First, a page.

On Saturday, August 11, Malian security officials announced that three people suspected of planning attacks during the upcoming presidential election runoff were arrested in Bamako. According to government officials, an additional 6000 security personnel will be deployed on Sunday, August 12, to provide additional protection during the vote. The main focus of the increased deployments will be in central Mopti region, where some polling stations were closed during the first round. Increased security measures are expected throughout the country, particularly near voting areas, on August 12.
Out of a total of 24 candidates who participated in the first round of voting on July 29, incumbent President Ibrahim Boubacar Keita (in office since 2013) and opposition leader Soumaïla Cissé emerged as the two main contenders. Some violence was reported at polling stations in the country's northern and central regions despite heavy security deployments nationwide, and there are concerns that Sunday's run-off vote may experience similar difficulties (including violence, alleged intimidation, and electoral fraud).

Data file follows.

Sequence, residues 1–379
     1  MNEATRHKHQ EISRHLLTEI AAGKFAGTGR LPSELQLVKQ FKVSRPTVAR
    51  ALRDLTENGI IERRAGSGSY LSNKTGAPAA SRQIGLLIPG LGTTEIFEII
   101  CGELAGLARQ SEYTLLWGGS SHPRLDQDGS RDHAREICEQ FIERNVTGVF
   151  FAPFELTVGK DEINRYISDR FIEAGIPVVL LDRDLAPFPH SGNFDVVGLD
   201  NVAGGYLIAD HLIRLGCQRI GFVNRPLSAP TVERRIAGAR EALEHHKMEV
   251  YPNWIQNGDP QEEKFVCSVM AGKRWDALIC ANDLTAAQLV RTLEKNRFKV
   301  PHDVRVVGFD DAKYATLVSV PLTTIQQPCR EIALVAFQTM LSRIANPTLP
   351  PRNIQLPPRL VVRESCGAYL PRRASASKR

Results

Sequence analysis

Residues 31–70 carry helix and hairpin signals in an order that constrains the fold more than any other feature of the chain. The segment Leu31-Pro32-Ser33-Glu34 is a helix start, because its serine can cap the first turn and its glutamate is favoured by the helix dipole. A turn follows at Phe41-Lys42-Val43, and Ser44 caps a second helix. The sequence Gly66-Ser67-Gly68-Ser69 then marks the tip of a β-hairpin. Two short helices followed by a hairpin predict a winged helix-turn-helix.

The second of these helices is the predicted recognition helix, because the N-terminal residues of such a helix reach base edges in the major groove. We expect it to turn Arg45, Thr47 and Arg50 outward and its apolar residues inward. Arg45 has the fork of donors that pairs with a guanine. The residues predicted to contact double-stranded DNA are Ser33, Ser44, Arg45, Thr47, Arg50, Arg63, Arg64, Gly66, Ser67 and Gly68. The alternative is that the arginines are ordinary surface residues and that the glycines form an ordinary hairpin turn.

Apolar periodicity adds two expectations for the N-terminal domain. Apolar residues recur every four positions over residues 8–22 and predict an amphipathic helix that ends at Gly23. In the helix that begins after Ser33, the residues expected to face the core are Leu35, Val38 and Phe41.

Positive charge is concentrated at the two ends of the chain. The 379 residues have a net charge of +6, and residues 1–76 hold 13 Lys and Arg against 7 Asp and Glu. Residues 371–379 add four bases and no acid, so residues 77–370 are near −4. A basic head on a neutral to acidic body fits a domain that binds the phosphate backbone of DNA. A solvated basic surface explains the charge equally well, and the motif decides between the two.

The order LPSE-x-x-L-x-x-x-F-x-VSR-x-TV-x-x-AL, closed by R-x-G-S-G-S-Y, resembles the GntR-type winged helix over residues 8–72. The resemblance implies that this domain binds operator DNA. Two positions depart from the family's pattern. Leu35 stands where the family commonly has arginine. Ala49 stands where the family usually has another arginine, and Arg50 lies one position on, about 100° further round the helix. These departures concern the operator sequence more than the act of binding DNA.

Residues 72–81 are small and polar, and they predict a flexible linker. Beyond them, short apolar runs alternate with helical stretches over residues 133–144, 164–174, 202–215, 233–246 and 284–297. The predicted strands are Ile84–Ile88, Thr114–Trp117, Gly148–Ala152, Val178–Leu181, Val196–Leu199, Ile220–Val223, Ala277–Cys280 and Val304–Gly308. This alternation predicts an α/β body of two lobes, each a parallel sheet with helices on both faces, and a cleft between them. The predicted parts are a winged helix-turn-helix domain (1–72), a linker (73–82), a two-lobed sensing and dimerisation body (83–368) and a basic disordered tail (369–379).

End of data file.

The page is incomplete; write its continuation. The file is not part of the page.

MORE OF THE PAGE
Many of Mali's security concerns are due to the presence of armed extremist groups, notably in the country's northern and central regions. These areas remain unstable despite the presence of MINUSMA, one of the largest UN peacekeeping missions in the world, and a French-led intervention launched in 2013 that drove many extremists from their strongholds.
Individuals in Mali are advised to monitor the situation and avoid all political events and large public gatherings due to significant security concerns (e.g. unrest, risk of terrorist attack). The security environment in Mali remains complex, particularly in the north and central regions. Professional security advice and support should be sought prior to travel.
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